Adenoviral-expressed recombinant granulocyte monocyte colony-stimulating factor (GM-CSF) enhances protective immunity induced by inactivated Newcastle Disease Virus (NDV) vaccine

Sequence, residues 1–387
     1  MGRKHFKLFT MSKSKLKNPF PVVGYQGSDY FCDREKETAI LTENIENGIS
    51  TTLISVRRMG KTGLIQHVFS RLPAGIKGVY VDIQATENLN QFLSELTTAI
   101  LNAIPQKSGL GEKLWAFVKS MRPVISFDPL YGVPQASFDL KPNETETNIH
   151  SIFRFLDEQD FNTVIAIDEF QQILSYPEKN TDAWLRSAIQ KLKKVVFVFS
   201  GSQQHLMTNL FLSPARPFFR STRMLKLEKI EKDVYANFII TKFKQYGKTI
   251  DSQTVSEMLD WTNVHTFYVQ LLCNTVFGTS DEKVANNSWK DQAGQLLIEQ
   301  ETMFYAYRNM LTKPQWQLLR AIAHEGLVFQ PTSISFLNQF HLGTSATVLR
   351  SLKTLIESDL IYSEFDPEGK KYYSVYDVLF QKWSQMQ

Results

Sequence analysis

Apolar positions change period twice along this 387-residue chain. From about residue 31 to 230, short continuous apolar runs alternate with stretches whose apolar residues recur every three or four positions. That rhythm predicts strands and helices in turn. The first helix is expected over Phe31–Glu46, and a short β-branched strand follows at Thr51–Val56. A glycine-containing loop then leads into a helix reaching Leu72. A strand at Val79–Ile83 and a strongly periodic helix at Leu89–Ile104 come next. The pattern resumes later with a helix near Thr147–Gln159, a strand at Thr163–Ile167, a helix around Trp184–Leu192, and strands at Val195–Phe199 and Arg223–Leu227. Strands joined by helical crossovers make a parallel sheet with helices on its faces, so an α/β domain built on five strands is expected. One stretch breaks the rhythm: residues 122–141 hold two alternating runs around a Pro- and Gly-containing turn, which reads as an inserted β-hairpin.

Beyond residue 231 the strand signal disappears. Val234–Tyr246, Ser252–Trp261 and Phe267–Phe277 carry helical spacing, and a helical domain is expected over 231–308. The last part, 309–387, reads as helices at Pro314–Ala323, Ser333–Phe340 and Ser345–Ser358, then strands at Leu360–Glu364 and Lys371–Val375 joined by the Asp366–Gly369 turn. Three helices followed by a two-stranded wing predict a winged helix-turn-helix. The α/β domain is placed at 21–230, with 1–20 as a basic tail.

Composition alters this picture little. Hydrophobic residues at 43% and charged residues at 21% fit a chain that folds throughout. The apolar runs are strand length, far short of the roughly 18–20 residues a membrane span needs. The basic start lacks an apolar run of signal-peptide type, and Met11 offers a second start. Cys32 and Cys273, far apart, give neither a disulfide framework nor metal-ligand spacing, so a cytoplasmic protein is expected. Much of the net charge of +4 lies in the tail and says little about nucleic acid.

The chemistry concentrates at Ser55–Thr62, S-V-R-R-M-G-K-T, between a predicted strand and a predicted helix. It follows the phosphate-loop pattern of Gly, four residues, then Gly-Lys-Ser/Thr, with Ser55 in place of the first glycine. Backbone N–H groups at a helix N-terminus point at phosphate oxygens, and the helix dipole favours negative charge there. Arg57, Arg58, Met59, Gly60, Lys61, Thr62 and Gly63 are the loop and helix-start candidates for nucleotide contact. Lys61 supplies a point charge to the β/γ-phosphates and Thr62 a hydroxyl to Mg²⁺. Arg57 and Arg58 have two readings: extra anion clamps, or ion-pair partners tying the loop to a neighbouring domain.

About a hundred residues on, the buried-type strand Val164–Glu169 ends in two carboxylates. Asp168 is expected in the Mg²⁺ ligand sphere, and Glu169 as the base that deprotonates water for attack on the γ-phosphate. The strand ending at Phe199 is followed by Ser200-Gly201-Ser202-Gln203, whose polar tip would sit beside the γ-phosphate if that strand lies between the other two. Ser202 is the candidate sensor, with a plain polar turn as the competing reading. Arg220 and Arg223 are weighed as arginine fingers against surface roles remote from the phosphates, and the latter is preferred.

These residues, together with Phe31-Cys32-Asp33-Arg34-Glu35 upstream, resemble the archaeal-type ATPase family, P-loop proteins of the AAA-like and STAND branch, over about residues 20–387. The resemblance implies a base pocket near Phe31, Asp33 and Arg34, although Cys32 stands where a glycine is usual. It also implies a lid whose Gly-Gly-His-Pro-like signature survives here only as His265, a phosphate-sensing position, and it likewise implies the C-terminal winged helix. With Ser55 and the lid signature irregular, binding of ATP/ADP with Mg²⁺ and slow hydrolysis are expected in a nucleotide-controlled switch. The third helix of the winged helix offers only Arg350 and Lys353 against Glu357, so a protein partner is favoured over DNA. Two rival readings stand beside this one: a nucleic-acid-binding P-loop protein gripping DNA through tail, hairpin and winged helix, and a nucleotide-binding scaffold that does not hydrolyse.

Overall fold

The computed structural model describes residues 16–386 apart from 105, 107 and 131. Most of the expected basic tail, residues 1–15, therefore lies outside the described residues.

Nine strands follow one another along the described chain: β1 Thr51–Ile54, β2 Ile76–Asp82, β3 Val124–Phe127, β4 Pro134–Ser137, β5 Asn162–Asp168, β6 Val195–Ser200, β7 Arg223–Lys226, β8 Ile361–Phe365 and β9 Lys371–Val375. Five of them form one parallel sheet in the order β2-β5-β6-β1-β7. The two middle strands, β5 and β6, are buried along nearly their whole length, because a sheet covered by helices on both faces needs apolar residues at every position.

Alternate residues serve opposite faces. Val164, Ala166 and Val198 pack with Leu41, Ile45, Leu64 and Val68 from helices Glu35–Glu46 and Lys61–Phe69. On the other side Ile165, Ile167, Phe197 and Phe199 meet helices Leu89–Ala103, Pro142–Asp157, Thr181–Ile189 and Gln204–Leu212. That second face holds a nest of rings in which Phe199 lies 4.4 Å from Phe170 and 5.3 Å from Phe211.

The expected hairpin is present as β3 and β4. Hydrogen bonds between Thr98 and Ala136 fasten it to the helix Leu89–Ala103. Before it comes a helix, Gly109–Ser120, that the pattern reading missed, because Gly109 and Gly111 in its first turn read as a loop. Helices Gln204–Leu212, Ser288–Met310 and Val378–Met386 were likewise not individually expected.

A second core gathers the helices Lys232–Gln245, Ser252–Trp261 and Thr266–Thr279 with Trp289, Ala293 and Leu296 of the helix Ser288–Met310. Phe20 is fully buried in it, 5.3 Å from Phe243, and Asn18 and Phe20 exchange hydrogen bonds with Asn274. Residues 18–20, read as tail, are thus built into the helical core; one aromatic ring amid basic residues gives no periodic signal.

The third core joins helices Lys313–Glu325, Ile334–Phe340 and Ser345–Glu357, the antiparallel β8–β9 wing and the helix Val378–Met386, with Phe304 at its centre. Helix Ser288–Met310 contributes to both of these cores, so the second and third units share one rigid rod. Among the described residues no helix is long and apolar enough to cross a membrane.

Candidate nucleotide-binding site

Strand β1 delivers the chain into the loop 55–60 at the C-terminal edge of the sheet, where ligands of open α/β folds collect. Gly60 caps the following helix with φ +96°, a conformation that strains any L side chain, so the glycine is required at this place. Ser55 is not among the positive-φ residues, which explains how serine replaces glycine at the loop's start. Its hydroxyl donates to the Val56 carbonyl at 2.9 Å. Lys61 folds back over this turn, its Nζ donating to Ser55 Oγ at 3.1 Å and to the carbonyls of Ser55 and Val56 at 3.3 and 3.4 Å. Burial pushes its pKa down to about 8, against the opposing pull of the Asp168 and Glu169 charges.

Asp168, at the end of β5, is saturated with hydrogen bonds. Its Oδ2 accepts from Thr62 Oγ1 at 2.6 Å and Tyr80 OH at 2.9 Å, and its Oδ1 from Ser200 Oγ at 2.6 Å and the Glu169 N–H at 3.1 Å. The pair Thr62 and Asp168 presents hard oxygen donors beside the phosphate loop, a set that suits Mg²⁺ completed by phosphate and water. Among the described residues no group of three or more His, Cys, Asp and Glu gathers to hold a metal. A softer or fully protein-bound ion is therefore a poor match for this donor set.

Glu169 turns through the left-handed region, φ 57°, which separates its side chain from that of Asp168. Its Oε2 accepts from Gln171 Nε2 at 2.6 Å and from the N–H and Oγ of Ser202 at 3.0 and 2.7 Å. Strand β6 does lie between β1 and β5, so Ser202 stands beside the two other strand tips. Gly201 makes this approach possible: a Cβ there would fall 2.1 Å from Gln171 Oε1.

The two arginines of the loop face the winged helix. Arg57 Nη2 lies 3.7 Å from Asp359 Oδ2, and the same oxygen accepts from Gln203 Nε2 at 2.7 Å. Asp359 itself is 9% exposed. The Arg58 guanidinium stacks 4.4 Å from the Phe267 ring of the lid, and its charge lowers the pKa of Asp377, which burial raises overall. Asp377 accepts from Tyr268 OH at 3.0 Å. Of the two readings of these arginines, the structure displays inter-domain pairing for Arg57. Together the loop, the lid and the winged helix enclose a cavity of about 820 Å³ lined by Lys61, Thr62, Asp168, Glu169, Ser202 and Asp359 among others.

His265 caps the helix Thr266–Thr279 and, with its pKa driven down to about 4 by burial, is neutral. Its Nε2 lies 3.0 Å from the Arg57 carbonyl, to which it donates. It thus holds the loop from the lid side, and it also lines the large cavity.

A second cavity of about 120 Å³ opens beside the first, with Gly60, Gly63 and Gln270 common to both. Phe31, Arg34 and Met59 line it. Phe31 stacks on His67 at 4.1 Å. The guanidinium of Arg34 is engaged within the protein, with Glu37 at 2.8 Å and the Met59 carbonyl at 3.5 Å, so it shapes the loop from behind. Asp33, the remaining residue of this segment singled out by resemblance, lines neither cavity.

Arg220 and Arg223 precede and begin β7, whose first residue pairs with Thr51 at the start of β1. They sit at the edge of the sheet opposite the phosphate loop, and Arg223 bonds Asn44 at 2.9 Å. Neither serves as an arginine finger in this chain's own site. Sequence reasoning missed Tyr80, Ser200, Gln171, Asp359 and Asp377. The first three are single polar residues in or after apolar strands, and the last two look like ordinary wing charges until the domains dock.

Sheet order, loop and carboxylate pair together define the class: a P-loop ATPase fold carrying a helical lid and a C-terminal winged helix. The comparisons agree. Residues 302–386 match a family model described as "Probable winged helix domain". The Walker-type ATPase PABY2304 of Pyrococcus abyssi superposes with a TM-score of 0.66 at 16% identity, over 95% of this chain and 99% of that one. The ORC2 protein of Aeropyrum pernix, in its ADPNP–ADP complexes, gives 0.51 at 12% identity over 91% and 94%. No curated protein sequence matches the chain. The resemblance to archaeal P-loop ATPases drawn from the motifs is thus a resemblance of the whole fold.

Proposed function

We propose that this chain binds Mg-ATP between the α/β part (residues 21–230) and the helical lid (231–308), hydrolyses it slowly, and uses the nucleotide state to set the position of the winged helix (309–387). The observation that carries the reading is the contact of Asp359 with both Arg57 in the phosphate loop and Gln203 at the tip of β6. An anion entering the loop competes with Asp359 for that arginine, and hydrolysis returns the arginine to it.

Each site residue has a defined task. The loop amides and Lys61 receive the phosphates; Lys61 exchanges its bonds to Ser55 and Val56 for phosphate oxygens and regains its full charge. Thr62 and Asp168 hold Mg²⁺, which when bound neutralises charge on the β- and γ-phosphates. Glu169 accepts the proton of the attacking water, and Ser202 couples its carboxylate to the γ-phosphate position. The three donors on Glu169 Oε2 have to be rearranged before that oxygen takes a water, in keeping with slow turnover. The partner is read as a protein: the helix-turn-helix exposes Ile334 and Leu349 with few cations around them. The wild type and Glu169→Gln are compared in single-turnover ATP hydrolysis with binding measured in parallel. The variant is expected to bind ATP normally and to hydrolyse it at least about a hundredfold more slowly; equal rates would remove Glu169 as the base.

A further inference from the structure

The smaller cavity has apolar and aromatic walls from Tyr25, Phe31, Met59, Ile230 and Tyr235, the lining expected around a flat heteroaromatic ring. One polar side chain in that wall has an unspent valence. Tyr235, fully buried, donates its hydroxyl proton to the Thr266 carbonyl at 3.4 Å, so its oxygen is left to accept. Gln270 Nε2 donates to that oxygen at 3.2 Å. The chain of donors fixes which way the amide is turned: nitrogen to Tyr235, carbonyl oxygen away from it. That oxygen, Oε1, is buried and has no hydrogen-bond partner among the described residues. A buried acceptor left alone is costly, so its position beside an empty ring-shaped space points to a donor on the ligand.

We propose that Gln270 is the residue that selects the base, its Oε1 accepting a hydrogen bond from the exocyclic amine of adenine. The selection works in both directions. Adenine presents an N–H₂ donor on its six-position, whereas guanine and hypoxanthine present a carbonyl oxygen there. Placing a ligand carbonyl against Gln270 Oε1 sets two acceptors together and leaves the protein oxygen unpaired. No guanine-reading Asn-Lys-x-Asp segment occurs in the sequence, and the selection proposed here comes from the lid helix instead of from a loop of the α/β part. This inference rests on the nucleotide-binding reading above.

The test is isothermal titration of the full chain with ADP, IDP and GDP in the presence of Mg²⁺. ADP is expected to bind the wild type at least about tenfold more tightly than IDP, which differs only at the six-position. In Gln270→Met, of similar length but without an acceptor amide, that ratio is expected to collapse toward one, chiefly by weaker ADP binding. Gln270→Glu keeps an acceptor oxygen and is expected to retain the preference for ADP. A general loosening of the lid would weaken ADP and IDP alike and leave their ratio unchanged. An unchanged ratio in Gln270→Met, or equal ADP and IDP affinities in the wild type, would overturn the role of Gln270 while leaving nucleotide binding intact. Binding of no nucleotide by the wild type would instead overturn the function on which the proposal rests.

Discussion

Although vaccination has been hugely successful in protecting birds against infection by the New castle disease virus (NDV), newly-emerged highly virulent strains have been found to overcome established immune protection and threaten the poultry industry. The need to improve the immunization efficacy is, therefore, urgent. Here, we tested the potential immunostimulatory adjuvant activity of the adenoviral-expressed recombinant chicken granulocyte monocyte colony stimulating factor (rchGM-CSF) in an inactivated Newcastle Disease Virus (NDV) vaccine. 126 commercial layer chicks, divided into six groups, were first vaccinated at day 7, followed by a subsequent boost and later an intramuscular challenge at day 21 and 35 respectively. rchGM-CSF expressed by adenovirus raised NDV-specific hemagglutinin-inhibition (HI) titers from 10 to 12 (log2) and significantly upregulated the production of interferon α/β/γ (IFN-α/β/γ), interleukin-4 (IL-4) and major histocompatibility complex II (MHC-II) in spleens. Crucially, chicks inoculated with the inactivated NDV vaccine plus the rchGM-CSF adjuvant displayed only mild clinical signs, lower tissue viral loads, fewer tissue lesions, and decreased mortality and viral shedding than those in the group immunized with the vaccine alone. Our present work has demonstrated that chicken GM-CSF may act as an enhancer in the orchestration of host immune responses induced by the inactivated NDV vaccine. The molecule, expressed by an adenovirus, has the potential to be used as an immune adjuvant to improve protection by NDV vaccination.